Uranus-Like Planet Discovered 25,000 Light-Years Away

Uranus, our solar system's seventh planet. Credit: Lawrence Sromovsky, University of Wisconsin-Madison/W.W. Keck Observatory

Exoplanets are generally compared to Earth if they are rocky, or to Jupiter if they are gaseous. Now, for the first time, a newly-discovered exoplanet appears to be both gaseous and icy, reminiscent of Uranus, though the new planet is four times as massive. The research was led by Radek Poleski of Ohio State University, and the paper was published in The Astrophysical Journal.

This planet, located about 25,000 light-years away near the constellation Sagittarius, orbits one of the stars in a binary system. Both of the stars are less massive than our Sun at 0.7 and 0.2 solar masses, respectively. The planet is about 18 AU away from the star, very similar to Uranus’s average distance of 19 AU from our Sun. Because of this distance and the size of the star, the exoplanet is assumed to be icy, just like Uranus.

Spotting exoplanets can be tricky because the glare from the star generally washes out any light reflecting from an exoplanet. The easiest way to spot planets is to identify when they transit the star, blocking out light. This technique works best with planets closest to the star, not so much with those in the outer solar system like this “exo-Uranus,” which helps give context to this discovery’s importance.

Instead of relying on the planet transiting the star, astronomers identified it using a technique called gravitational microlensing. This occurs when the light from a distant star is bent and focused due to the gravity of a star between the light source and the observer. Light from a planet orbiting the lensing star can also become focused under rare circumstances, which is what happened with this particular Uranus analog. Certain conditions were also in place to verify that the planet is actually part of a system.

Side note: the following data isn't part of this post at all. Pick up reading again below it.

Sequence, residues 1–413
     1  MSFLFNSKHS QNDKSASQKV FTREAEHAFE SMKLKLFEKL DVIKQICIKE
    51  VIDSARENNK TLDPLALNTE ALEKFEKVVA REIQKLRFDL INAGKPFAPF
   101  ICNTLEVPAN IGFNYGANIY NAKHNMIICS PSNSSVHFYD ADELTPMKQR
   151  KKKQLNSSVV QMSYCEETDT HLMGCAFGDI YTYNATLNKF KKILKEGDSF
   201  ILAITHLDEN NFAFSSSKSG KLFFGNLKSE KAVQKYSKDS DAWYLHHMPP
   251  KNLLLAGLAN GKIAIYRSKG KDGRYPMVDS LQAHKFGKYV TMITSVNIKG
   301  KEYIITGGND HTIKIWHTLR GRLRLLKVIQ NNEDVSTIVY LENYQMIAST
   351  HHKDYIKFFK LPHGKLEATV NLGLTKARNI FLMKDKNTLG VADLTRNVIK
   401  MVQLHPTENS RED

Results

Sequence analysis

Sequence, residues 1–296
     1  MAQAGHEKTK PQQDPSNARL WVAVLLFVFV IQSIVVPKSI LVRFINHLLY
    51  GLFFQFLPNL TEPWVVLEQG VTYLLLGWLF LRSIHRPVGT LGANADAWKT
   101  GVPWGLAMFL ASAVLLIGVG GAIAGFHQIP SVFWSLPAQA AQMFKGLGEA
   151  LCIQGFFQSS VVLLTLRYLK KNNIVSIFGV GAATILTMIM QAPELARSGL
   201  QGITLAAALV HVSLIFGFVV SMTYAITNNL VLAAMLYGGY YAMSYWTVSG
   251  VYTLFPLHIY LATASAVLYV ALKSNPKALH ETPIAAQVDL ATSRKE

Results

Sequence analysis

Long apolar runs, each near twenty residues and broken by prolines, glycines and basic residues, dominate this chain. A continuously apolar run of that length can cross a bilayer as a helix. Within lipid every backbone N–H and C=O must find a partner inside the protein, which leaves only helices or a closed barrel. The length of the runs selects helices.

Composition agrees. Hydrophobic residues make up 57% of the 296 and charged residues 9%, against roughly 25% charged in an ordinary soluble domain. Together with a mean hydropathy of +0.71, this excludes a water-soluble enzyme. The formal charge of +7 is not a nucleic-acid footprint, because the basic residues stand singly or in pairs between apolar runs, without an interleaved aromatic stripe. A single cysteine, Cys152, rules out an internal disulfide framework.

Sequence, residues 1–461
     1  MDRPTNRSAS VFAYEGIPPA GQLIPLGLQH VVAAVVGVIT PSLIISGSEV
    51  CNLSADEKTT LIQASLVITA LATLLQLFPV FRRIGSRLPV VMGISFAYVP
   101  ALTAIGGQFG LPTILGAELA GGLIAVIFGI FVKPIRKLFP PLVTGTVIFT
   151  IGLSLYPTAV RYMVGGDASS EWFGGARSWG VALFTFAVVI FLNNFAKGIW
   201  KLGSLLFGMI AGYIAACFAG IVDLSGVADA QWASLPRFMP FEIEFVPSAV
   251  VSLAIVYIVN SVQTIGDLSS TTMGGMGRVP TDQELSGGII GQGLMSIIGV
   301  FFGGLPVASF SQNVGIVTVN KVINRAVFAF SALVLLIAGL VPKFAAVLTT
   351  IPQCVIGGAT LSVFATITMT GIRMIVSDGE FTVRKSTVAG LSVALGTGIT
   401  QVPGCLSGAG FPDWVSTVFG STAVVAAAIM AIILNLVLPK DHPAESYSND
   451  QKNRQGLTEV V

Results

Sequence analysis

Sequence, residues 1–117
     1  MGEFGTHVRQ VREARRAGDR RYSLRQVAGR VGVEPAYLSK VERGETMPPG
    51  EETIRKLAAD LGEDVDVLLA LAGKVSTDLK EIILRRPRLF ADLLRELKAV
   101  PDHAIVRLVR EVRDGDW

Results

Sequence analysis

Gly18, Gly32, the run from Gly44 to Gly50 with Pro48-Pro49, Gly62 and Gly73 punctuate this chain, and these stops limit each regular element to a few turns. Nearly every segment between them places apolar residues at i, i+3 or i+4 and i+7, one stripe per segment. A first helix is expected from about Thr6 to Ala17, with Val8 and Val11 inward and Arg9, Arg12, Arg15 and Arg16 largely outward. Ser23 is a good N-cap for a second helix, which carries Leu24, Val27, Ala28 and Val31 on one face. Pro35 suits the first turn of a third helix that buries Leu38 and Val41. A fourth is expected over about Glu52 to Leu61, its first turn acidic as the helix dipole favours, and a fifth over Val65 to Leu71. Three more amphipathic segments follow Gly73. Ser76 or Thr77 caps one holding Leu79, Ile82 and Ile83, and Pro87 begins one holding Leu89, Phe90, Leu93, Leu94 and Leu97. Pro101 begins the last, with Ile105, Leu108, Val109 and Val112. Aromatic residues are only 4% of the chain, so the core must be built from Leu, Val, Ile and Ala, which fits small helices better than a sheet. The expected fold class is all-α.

Image credit: NASA/JPL

“Only microlensing can detect these cold ice giants that, like Uranus and Neptune, are far away from their host stars. This discovery demonstrates that microlensing is capable of discovering planets in very wide orbits,” Poleski said in a press release. "We were lucky to see the signal from the planet, its host star, and the companion star. If the orientation had been different, we would have seen only the planet, and we probably would have called it a free-floating planet.”

Uranus and Neptune, our other icy giant planet, both appear blue because of the large amount of methane ice that exist on those planets. While gravitational lensing may have revealed the exoplanet with a Uranus-like orbit, it does not provide any information about the planet’s actual composition. Still, it could provide valuable information about the formation and location of our icy giants, which astronomers have struggled to explain.

“Nobody knows for sure why Uranus and Neptune are located on the outskirts of our solar system, when our models suggest that they should have formed closer to the sun,” principal investigator Andrew Gould said. “One idea is that they did form much closer, but were jostled around by Jupiter and Saturn and knocked farther out. Maybe the existence of this Uranus-like planet is connected to interference from the second star. Maybe you need some kind of jostling to make planets like Uranus and Neptune.”

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